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Nash Equilibrium and the History of Economic Theory

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  • R. MYERSON.

Abstract

John Nash’s formulation of noncooperative game theory was one of the great breakthroughs in the history of social science. Nash’s work in this area is reviewed in its historical context to better understand how the fundamental ideas of noncooperative game theory have been developed and how they have changed the course of economic theory. It is shown in particular how the scope of economics has changed from production and allocation of material goods to the study of rational competitive behavior in any institution of society.

Suggested Citation

  • R. Myerson., 2010. "Nash Equilibrium and the History of Economic Theory," VOPROSY ECONOMIKI, N.P. Redaktsiya zhurnala "Voprosy Economiki", vol. 6.
  • Handle: RePEc:nos:voprec:2010-06-3
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    References listed on IDEAS

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    1. Nash, John, 1950. "The Bargaining Problem," Econometrica, Econometric Society, vol. 18(2), pages 155-162, April.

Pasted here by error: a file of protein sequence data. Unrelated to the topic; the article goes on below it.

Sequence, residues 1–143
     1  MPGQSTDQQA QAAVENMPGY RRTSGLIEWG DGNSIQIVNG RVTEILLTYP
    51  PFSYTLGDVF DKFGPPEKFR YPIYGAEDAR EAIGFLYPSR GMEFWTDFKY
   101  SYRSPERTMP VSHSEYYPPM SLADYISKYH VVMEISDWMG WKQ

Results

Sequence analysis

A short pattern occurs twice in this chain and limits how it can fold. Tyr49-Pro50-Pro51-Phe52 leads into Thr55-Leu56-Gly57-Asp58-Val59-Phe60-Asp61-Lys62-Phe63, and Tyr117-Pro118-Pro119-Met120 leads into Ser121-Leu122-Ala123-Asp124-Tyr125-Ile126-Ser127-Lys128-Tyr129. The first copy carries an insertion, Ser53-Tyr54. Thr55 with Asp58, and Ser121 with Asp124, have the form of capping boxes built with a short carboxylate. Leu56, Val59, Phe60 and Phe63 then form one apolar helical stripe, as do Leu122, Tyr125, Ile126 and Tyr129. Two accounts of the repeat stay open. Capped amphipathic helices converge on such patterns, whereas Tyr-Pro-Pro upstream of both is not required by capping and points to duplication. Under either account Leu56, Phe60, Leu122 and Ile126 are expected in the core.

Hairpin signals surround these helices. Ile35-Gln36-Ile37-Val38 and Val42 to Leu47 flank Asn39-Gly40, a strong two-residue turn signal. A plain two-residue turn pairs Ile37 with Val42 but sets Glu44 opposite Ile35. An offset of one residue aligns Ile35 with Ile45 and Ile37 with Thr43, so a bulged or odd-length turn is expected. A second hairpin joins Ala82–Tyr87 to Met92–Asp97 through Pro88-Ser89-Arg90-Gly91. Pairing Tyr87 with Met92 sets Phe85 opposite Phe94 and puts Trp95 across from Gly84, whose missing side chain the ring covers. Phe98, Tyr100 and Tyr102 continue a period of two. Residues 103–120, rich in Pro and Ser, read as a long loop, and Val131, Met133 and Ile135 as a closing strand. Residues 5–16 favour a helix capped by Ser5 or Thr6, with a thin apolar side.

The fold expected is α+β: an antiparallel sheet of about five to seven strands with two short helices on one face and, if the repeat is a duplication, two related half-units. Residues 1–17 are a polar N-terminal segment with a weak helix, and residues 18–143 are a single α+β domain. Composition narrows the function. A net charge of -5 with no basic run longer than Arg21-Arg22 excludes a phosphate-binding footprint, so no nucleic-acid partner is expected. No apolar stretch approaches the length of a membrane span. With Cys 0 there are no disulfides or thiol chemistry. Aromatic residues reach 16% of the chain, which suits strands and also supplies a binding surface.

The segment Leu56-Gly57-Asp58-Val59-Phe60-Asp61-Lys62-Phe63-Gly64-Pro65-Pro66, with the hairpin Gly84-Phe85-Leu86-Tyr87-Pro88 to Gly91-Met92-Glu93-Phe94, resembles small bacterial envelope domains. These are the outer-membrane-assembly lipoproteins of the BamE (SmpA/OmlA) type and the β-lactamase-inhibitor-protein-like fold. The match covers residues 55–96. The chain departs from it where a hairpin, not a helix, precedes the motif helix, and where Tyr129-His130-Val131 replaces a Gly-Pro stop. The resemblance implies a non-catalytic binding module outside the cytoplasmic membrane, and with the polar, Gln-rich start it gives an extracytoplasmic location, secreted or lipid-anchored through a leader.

2. Aumann, Robert J., 1974. "Subjectivity and correlation in randomized strategies," Journal of Mathematical Economics, Elsevier, pages 67-96.
    3. Mas-Colell, Andreu & Whinston, Michael D. & Green, Jerry R., 1995. "Microeconomic Theory," OUP Catalogue, Oxford University Press, number 9780195102680.
    4. Myerson, Roger B., 1982. "Optimal coordination mechanisms in generalized principal-agent problems," Journal of Mathematical Economics, Elsevier, vol. 10(1), pages 67-81, June.
    5. Robert J. Leonard, 1992. "Reading Cournot, Reading Nash / or / The Emergence and Stabilization of the Nash equilibrium," Cahiers de recherche du Département des sciences économiques, UQAM 9214, Université du Québec à Montréal, Département des sciences économiques.
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    More about this item

    JEL classification:

    • B21 - Schools of Economic Thought and Methodology - - History of Economic Thought since 1925 - - - Microeconomics
    • C72 - Mathematical and Quantitative Methods - - Game Theory and Bargaining Theory - - - Noncooperative Games

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